Another good exercise for getting used to a big step is to just get in half seat, grab mane and GO. Let him have a nice free pace all the way around until he settles on his own, then gradually start to sit back in the tack and take some contact.

Some that are rushy need to work on short approaches, turns and collection to settle to the fence, some just need to be let go of and given some step to find the jumps off of. Guessing your guy is the latter.

imapepper
May. 21, 2010, 03:56 PM
Ok...I am going to suggest more canter trot canter transitions in your flatwork first of all to lighten him up and get him back together. He is big, green and unbalanced. You CANNOT hold him up. Try to ride on as light as possible contact and as soon as you feel him start to shift his balance onto his forehand (and your hands) do a downward transistion (think ride up into your downward). Make sure you are not diving down into your trot. Sit up and do a clear half halt with your body more than your hands and re-establish a balanced trot and then go back to canter. Repeat as necessary.

Cantering poles is an excellent suggestion. I would set up a couple of lines of poles and work on those. As soon as he leans, play the transistion game until he is light again.

I also like the suggestion of trotting in and trotting out of the line. Then when he is expecting a downward and coming back...it makes it much easier to ride FORWARD to your next jump. You have to do the transition with your body though. If you do it only with your hands, you will create the freight train/rush effect which is what you have now and you are not loving it.

If he tends to get hot (not just on his forehand), you want to make sure that you are not crawling into the line or the fence. Put your leg on and hold your uppper body up (think like a string on top of your head pulling you up and light in the saddle) so that you are sitting but you are sitting lightly towards the front of your seatbones. Keep your hand in front of your body and do not have a steady pull back. Pull if you need to but RELEASE right away. You will get the whoa in the release not the pull and make sure you are not grabbing him on the landing from the first fence. That is a great way to transmit tension to a green horse. Land...let him finish his landing....half halt....then jump next fence at trot/canter or whatever if he is balanced.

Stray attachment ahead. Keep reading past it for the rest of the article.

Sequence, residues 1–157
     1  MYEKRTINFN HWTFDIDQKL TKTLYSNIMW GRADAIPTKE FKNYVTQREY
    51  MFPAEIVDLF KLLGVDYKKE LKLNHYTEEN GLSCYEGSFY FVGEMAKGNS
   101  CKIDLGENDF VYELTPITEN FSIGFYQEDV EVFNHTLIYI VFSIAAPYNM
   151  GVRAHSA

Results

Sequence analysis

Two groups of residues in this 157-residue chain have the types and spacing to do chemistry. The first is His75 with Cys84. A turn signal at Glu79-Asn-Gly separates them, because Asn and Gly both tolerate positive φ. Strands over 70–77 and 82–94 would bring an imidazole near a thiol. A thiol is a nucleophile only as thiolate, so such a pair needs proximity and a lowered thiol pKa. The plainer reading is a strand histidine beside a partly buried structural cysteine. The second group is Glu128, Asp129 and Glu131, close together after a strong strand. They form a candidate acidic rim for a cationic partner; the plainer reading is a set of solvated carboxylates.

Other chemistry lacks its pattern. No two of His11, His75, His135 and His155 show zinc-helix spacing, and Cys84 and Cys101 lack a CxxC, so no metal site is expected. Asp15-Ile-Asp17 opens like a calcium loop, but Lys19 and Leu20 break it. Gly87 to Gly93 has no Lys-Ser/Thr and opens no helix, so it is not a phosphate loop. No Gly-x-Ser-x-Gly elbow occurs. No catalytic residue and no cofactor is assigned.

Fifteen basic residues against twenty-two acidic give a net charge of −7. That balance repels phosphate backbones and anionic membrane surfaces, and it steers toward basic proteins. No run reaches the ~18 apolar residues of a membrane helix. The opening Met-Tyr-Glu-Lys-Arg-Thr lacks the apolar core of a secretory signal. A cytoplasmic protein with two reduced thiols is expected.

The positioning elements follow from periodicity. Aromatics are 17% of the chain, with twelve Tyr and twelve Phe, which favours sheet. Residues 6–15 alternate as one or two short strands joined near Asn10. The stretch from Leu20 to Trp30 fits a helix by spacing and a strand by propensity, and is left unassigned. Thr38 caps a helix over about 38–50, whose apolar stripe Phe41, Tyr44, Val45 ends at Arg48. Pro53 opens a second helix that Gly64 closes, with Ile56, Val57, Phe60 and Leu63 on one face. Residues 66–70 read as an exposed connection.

Good luck with him :) Once you learn how to put that beautiful big stride to work for good instead of evil ;) you will have a nice horse on your hands ummm or not on your hands as the case may be :lol:

BTW (respectfully)...I actually would not suggest lunging over fences. If you have a good sized jump chute or hitchcock where he does not have to turn on his approach, that would be better. I boarded at a barn once that had a small arena set up as a permanent jump chute where they could canter straight for 3 strides out of the corner and it was great because if the horse was rushing on their own....it became really obvious in the pen. If they were rushing because of pilot error....also obvious ;) If he is big and unbalanced, the lunge line will make him more tense because he is set up to loose his balance from the start....if that makes sense.

cswoodlandfairy
May. 25, 2010, 03:41 PM
Thanks everyone for the advice!! Unfortunately my boy decided a stone bruise versus working would be better over the last couple days! Fun fun!

In the video under saddle, I was definitely riding defensively and got a yelling from my trainer! I can confidently say that I am much better about that now! We have been working on my position with him since he seems very sensitive to where I sit. For example, from a walk to canter transition if I lean the slightest bit forward he all but stops and just looks at me like I'm crazy! Great to have a tattle-tail horse1 :P

I will say that over fences I do tend to get into 2 point way to early but I do have a good release, thanks to a previous horse, so I know I don't hit him in the mouth. I do have issues with spots so we are only trotting so we both don't lose confidence.


But he is teaching me as well as him. We are much better in sync now than that show, and we would have shown this weekend had it not been the bruise. But we have really be focusing on my position and shoulders (I'm a leaner and dropper).

Before the bruise I tried ground poles and trotting fences and he was much better. He is still unbalanced for the most part. He can only hold it but so long, but we are getting better. We are taking a step back and working over ground poles since he thinks hes suppose to JUMP the ground pole instead of canter it! Oye!

I do know he has had formal training when he was 5 and 6..He is now recently 11 and Ive just started to get him back into shape. So that's a solid 5 to 6 years off. But I am excited to see what I have when done!

Thanks again for the help! I hope maybe this weekend I can take a video under saddle to show improvement!

jetsmom
May. 26, 2010, 01:29 AM
Love your positive attitude! Greenies can make you ride worse than normal, and make you ride more defensively. If you're patient, you'll reach a point where you go "Yay! He is so much FUN! When did THAT happen?!"